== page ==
Historical Context

Keith Morgan/Ruth Kron Sigal
From the book Ruta's Closet

Dedicated to Tamara Kron


The Shavl Ghetto – Late afternoon, Friday, November 5, 1943

All was quiet on the street outside the little house where Dr. Peisachowitz lived and the younger Krons hid.
Tamara awakened, disoriented and feeling somewhat claustrophobic underneath the planks beneath Uncle Wulf’s low bed. Ruta’s reassuring whispers calmed the little girl but soon Tamara began to fret and her tiny ribcage shook as the tears flowed.
Ruta tried to comfort her, repeating soothing words her mother used to calm her when she was younger and fretful. But her mother’s magic eluded her and Tamara continued to cry.
In the short breaks between sobs, Ruta strained to listen for any sign of activity beyond the thin walls of the shabby shack. As far as she could tell, just as young Adute Toker had mistakenly thought earlier, all was quiet outside.
Fleetingly, she recalled the words of grandpa about staying hidden until either he or another member of the family came to rescue the two of them. However, Ruta had to make a decision, one that would be an awesome burden for a person three times her age. She may have weighed the risks but it is more likely she feared Tamara’s restlessness would attract attention and thus certain apprehension.
She decided they would get out from under the bed and look for somewhere else to hide if it were not safe to return home. Slowly she lifted the loose boards and pushed them aside. It was late afternoon and there was no longer much light in the tiny room. She listened for a few more minutes for any sign of trouble outside.
Ruta got out first and looked down at her little sister. Again, her parents’ cautions ran through her mind. Tamara calmed down as she rose unsteadily to her feet and looked into the face of her sibling protector for further instructions. Ruta told her to remain quiet and they would run back home where grandpa would be waiting for them and maybe even mama and papa. The happy sounding, rising intonation of her final hopeful words made Tamara feel better just as intended.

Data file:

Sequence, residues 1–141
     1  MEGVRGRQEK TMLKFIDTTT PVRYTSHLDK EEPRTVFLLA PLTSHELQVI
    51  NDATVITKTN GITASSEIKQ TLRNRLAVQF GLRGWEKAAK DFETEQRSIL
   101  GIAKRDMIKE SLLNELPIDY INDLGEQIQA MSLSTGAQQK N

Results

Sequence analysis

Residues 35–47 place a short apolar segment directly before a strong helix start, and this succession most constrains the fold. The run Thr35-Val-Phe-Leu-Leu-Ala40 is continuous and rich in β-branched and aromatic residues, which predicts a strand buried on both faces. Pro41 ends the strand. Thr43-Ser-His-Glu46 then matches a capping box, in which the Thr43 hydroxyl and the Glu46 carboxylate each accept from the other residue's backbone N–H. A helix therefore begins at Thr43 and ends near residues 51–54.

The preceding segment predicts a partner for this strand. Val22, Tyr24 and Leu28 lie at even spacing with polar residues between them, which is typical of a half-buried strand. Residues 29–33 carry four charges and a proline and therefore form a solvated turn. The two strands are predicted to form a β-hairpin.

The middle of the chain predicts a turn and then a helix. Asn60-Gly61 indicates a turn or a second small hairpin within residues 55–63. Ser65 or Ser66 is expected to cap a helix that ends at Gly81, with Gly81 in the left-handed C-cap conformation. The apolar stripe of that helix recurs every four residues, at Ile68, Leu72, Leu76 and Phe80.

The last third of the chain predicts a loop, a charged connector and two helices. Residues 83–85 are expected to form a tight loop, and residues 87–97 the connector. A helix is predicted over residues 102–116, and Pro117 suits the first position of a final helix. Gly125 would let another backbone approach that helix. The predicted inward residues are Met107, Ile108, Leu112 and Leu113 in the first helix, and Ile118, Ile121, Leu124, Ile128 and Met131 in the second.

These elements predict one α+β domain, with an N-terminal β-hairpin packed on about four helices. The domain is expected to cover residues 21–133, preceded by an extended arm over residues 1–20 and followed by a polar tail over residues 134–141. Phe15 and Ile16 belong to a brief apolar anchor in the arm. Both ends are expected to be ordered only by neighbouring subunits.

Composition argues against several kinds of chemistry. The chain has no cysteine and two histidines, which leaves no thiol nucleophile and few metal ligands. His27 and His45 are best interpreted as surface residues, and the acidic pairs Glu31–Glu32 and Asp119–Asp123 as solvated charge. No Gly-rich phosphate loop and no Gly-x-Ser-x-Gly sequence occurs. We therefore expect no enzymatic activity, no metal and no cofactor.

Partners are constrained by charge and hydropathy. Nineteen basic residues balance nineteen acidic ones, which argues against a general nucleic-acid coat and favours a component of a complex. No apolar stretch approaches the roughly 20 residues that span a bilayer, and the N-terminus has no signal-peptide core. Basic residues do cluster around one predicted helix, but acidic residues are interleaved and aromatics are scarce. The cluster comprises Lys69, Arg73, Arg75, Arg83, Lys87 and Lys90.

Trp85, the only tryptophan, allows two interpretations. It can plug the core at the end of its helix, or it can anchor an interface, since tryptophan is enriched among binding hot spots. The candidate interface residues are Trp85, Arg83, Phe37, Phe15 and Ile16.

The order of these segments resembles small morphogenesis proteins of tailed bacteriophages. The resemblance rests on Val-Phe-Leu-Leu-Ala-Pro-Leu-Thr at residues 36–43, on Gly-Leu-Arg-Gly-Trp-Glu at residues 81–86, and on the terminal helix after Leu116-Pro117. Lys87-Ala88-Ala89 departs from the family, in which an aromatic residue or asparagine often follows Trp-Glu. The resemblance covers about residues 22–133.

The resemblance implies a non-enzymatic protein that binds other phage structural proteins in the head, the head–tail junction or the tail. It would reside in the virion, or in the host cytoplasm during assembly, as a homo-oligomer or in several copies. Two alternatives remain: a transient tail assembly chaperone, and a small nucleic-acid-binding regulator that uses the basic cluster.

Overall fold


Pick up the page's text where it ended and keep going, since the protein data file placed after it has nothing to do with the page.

With her sister’s tiny fingers squeezed between her own, Ruta led her out onto the street. The fading light signalled that Shabbat neared but there would be no celebration that night. The encroaching darkness offered the two girls no protection: two guards on the roof of the adjacent red brick jail spotted the dishevelled youngsters. Ruta looked up to see the two distant figures a hundred yards away pointing at her and her sister. Her heart pounded. She stood transfixed like a deer caught in a car’s headlights.
The Kinderaktion was by no means over. Within a minute, foul smelling, red-faced soldiers grabbed both sisters and pushed them into the street where two more soldiers, each with snarling dogs, frog marched them towards the green truck waiting by the gate.
The 20 years of maturity Ruta had acquired in an instant earlier in the day fell away and she became a frightened, screaming seven-year-old girl again. The two girls struggled to free themselves from their respective captors, without any success. The bigger and stronger Ruta kicked at the man who had her in a vice like grip but she was nothing more than an irritant for the determined dog handler, whose canine companion growled and gnashed its teeth with each kick.
As they neared the truck full of bawling children, Ruta composed herself and drew once again on some of her recently acquired maturity. She decided to try another more reasoned approach. “Please let us go. We will be good girls.” She could see that too was not having any impression so in desperation, she tried to grab the hand of the man and rain kisses upon it. It elicited a response in German: “Shut up, get up and keep going.”
Tamara was screaming hysterically. Ruta was crying also but was not about to give up and continued pleading with the big, bad men, undeterred by their cackling. Any hope of her pleas finding a warm spot in the chests of the soldiers disappeared as they reached the truck at the ghetto gate.
Just in front, a little boy of maybe five or six was making similar pleas for mercy as he was dragged along the muddy street. An exasperated soldier swung a large piece of wood catching the boy’s leg on the downward swing. The youngster dropped like a stone to the ground. There was a split second’s pause as the pain took its time to overtake the shock enveloping his young mind. Two soldiers lifted the boy up roughly and tossed him onto the back of the truck, his broken leg grotesquely swinging at an unnatural angle as he flew through the air.
The scene stunned Ruta, silencing her protests for a few moments. Tamara continued to cry, too absorbed in her own grief to take in what had happened to her peer.
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